July 19, 2024


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An interview with Ari Hoenig: Drums were so different … Video

Jazz interview with a bad musician, as if drummer, idiot person Ari Hoenig. An interview by email in writing.

JazzBluesNews.Space: – First let’s start with where you grew up, and what got you interested in music?

Ari Hoenig: – I grew up in Philadelphia. My parents were both classical musicians and I spent my early years listening to the music of Mozart, Bach, Beethoven and Chopin as well as American folk music. From a very young age I enjoyed sitting at the piano and composing or improvising.

JBN.S: – What got you interested in picking up the drums?

AH: – Until the age of 12 I had played and studied violin and piano. Drums were so different then the classical training I had before and they allowed me to play rock and jazz or any music that I heard on the radio. By age 12, my parents still wanted me to play an instrument and if drums were considered an instrument I was all in.

JBN.S: – What teacher or teachers helped you progress to the level of playing you have today?

AH: – The main teachers I had that really shaped my playing and musical identity were, Rob Zollman,. Carl Mottola, Ed Soph, and Ralph Peterson.

JBN.S: – How did your sound evolve over time? What did you do to find and develop your sound?

AH: – The main thing I did is to gain the ability and the confidence to practice creatively. Practicing creatively means that if I have an original musical thought to practice that and develop it even more.  There was never a shortage of ideas but I did have to organize my thoughts to see which ideas were the most valuable and unique.

JBN.S: – What practice routine or exercise have you developed to maintain and improve your current musical ability especially pertaining to rhythm?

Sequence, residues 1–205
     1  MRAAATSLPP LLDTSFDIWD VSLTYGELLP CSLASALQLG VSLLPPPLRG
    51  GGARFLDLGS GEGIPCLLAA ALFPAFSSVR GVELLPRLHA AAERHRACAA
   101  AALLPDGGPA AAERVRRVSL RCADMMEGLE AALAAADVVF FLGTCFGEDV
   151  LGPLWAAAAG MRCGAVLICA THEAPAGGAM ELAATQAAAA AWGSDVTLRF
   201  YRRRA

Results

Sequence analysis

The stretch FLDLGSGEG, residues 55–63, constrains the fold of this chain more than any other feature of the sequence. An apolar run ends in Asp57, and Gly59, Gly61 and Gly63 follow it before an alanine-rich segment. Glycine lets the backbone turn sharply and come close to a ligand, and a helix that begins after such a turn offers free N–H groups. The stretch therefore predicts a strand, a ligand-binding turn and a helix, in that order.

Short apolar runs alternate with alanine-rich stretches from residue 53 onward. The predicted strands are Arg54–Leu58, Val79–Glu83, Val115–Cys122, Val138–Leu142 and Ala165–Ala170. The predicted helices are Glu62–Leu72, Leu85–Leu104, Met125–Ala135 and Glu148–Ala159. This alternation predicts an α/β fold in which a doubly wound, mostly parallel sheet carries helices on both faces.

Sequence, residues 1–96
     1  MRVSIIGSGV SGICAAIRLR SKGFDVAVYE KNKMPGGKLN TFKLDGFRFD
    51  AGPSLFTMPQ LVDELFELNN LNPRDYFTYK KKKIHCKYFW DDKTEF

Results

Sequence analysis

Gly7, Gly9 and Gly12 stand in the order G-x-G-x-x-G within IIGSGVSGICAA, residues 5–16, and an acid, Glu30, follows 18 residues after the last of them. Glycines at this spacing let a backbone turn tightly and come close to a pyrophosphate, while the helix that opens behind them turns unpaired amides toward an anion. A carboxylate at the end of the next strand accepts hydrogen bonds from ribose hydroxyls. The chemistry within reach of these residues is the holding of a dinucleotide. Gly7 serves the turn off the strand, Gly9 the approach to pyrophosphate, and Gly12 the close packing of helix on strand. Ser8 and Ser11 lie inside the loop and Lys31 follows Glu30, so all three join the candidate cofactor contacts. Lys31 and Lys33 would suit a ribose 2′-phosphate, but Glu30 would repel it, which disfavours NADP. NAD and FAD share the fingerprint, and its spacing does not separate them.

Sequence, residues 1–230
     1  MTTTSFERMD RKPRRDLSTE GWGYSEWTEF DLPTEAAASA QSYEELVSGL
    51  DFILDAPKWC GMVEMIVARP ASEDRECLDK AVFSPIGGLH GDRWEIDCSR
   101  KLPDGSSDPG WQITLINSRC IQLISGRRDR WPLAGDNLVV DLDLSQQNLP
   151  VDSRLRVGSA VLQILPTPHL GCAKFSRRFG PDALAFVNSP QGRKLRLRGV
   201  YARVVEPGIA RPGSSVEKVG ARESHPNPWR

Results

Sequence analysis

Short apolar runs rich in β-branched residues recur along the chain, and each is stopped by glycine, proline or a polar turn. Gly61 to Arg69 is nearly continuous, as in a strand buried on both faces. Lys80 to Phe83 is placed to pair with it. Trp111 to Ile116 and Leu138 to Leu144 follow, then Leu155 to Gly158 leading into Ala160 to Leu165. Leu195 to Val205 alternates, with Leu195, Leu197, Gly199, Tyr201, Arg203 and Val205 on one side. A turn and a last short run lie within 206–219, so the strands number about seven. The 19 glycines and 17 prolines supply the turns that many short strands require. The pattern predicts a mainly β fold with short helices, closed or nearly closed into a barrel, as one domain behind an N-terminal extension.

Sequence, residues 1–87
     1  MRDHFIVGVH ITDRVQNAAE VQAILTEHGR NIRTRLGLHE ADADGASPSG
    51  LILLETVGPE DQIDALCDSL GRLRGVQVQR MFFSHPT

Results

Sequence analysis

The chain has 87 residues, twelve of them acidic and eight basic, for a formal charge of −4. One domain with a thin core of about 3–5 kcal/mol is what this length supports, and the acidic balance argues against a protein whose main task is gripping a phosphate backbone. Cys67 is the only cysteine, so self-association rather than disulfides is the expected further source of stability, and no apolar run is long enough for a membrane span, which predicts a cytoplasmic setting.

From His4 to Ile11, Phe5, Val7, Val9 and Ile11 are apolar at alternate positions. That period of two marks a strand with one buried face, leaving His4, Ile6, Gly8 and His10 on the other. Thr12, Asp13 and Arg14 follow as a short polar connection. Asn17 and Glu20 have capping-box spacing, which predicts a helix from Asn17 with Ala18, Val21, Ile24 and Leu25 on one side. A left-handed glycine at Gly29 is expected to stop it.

AH: – Mainly there is just one approach I use and it’s an exercise involving clapping and singing.

I strongly suggest that anyone interested in improving their time or rhythmic vocabulary go through this method.

JBN.S: – What do you love most about your new album: <The Pauper and the Magician>, how it was formed and what you are working on today. Next year your fans like we can wait for a new album?

AH: – The song the Pauper and the Magician is probably the most difficult music I have written thus far. The quintet is fantastic and they all did a wonderful job interpreting this and the other the songs on the record. I also love the trailer video I worked on with Steve Brickman.

At the moment I’m on a tour with my European quartet and I’m working on a new record with Nasty Factorz, an electronic music project I’m doing with Gael Horellou. My next record is due out on Fresh sound around January of 2018. On it are my versions of jazz standards and it will be called “NY Standard”.

JBN.S: – What’s the next musical frontier for you?

AH: – I have really been making a lot of new progress and building inspiration in my work with electro jazz so I hope that will continue.

JBN.S: – What’s Your current setup.

AH: – I play Yamaha drums, Bosphorus cymbals, Evans heads and Vater sticks.

Interview by Simon Sargsyan

jumping with red pants on never gets old

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